Arstechnica posted that Greg Kroah-Hartman, maintainer of the Linux kernel’s stable branch and the Linux driver project, is leaving SUSE to join the Linux Foundation. We think it’s awesome to see. That the Linux foundation attracting such great talent is wonderful news. Giving them the opportunity to create without even the appearance of being influenced by a single corporate interest. Congratulations to both Mr. Kroah-Hartman and the Linux Foundation.
That’s right there are jobs and plenty of them in Linux. What was amazing to us was how large the demand was for Linux even in the middle of America. While the Ohio Linux Fest is big and we have known personally how strong Linux support in Ohio it as awesome to see real data to back us up. The data also surprised us by having Developer and Admin jobs in nearly a dead heat. Normally it’s been more of a 70/30 split. So whether you want to be a code monkey or a server wizard the jobs are there if you have the skills. How can you get the skills? The Linux Foundation, who sponsored the research, will recommend their classes and certifications. We at LinuxInstall.net think that training is a great starting point but actually using Linux and being willing to be a grunt and change passwords is the best option. No matter what path you choose we hope to see all of you reading this can join us.
In an interesting turn of events Linus Torvalds has put a copy of the Kernel Git repo up on GitHub. Interesting to see the code show up on a second location. Github is a great place to store or find opensource projects. They make their money by doing private Git hosting. The tool is easy to use and can give you more tree level controls than standard Git provides. If you are looking for a cool place to work on your opensource project or a secure place to store your companies projects take a look at it.
According to several reports both kernel.org and linux.org were hacked over the last few weeks. Showing that both linux isn’t perfect and that users are the weakest link in any operating systems armour. In both cases nothing super secert from the users was stolen. The kernel.org attack is not an issue, as no one can update the kernel code or other software hosted at the site without a large nuber of contributors being told about the update. So with everything safe and the users passsword changed we can all breath a sigh of relief and walk away remembering that even simple things like password policies are important.
Here are a collection of cool articles of things happening over the last couple of week to celebrate the big event:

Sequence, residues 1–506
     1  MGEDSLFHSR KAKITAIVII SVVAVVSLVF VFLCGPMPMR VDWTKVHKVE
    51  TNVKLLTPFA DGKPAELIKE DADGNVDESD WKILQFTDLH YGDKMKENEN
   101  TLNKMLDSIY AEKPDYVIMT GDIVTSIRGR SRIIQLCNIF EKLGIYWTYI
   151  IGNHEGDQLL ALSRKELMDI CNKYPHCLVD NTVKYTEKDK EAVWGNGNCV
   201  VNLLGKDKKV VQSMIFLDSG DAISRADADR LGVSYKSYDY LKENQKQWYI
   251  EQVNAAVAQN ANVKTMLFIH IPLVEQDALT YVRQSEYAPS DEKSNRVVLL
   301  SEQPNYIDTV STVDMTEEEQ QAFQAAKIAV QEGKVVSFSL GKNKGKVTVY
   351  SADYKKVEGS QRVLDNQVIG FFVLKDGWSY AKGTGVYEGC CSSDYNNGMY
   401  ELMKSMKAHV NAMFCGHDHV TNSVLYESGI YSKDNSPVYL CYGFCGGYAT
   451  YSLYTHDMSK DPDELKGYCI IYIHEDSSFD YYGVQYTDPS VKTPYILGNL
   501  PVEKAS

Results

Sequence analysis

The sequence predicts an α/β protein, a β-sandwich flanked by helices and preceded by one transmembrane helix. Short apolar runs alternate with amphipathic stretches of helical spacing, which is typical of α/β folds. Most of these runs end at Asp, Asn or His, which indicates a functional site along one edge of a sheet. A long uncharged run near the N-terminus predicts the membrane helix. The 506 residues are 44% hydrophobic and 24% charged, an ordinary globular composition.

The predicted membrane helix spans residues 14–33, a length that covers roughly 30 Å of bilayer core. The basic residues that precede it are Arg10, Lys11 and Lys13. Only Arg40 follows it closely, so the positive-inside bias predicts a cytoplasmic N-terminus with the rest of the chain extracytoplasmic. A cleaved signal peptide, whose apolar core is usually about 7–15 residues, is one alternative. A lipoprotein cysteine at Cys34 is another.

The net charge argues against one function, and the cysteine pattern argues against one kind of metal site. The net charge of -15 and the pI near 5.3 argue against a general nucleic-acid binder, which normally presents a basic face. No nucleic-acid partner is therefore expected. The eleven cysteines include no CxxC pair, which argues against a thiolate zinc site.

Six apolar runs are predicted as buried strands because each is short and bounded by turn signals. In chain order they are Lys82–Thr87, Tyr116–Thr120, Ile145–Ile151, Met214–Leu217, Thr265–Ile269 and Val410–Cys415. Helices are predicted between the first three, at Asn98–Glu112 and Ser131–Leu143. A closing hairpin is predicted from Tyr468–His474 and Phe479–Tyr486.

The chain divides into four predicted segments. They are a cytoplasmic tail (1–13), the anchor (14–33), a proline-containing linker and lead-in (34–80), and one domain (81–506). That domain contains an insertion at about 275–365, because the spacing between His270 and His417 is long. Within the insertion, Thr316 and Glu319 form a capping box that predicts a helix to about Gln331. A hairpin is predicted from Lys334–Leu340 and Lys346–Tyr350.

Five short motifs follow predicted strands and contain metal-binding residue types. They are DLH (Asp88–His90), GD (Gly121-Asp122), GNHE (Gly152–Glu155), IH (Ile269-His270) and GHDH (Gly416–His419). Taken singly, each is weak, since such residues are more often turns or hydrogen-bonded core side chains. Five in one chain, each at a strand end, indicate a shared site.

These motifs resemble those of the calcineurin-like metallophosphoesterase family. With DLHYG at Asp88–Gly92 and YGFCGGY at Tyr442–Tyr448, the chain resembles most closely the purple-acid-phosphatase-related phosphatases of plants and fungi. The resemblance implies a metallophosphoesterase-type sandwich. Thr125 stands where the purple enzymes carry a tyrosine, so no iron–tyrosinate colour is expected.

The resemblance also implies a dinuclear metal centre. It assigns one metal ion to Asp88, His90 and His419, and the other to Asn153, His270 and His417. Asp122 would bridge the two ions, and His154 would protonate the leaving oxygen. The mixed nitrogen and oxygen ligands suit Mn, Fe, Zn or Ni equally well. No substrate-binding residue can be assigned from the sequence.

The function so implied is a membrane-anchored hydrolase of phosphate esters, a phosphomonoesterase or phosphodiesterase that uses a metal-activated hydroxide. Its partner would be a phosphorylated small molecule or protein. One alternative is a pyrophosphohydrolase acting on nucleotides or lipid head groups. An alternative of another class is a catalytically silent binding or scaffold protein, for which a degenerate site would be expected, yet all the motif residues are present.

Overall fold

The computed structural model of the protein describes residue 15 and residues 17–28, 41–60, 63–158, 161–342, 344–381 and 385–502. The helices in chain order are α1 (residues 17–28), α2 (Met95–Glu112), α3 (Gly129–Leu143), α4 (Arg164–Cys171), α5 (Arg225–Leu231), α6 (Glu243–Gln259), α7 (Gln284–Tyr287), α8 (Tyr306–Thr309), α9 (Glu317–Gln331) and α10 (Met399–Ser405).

What happens at LinuxCon should never stay there. Espically picture of Linux’s fearless leader Linus in a TUX!!!(not the peguin either) This is a nice recap of various stories and blog posts from the event.
We have two cool charts showing the growth of Linux in different but equally impressive infographics:
The guys at Tuxradar created a survey about the future of Linux. The folks at Linux Insider did a nice job of wading through the comments and trying to distill what people think the future of Linux is. The write up is pretty good but of course Joe and I had to put our spin on it in the podcast. Since no one really knows what they future holds. I mean who saw Goggle buying Motorola Mobility 5 years ago. So check out what we thought in the podcast.
The Linux Foundation announced this morning that Toyota has signed on as a sponsor. The Linux Foundation promotes the use of Linux. So we can only assume that Toyota is going to start, if they aren’t already, using Linux in some of their cars.
This could take “WiFi war driving” to a whole new level. Imagine your car mapping open access points along your route to work. Then creating a mesh like network so that you could keep running Pandora or last.fm through the car stereo without having to worry about the data caps on your cell provider. Stuck in traffic no worries just fire up a browser on the console and surf to your favorite YouTube videos while you wait. People laughing at a video from Comedy Central could really help with road rage.
Seriously though it makes good commercial sense as even the closed source operating systems like the one from Microsoft that powers Ford’s Sync need major modifications to meet the configuration needed in a car. So starting with a free, open and stable operating system like Linux is a start on nearly equal standing. I am not sure I would want a moded version of the kernel for my car like there are for Android Phones. They could have the potential to get even better gas mileage or longer runs on the batteries for the Prius.
What do you think Toyota is going to do with Linux in their cars? Let us know in the comments.